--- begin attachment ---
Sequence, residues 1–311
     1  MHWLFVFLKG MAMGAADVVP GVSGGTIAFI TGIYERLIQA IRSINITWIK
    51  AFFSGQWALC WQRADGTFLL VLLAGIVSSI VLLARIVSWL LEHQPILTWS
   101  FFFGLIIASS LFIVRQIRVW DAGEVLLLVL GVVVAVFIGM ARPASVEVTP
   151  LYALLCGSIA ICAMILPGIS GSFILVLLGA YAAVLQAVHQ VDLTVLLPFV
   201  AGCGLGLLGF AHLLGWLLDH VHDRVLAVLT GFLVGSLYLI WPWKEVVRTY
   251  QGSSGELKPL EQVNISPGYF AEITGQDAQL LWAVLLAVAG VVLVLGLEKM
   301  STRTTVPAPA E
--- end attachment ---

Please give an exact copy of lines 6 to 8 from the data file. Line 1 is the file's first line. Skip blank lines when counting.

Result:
   201  AGCGLGLLGF AHLLGWLLDH VHDRVLAVLT GFLVGSLYLI WPWKEVVRTY
   251  QGSSGELKPL EQVNISPGYF AEITGQDAQL LWAVLLAVAG VVLVLGLEKM
   301  STRTTVPAPA E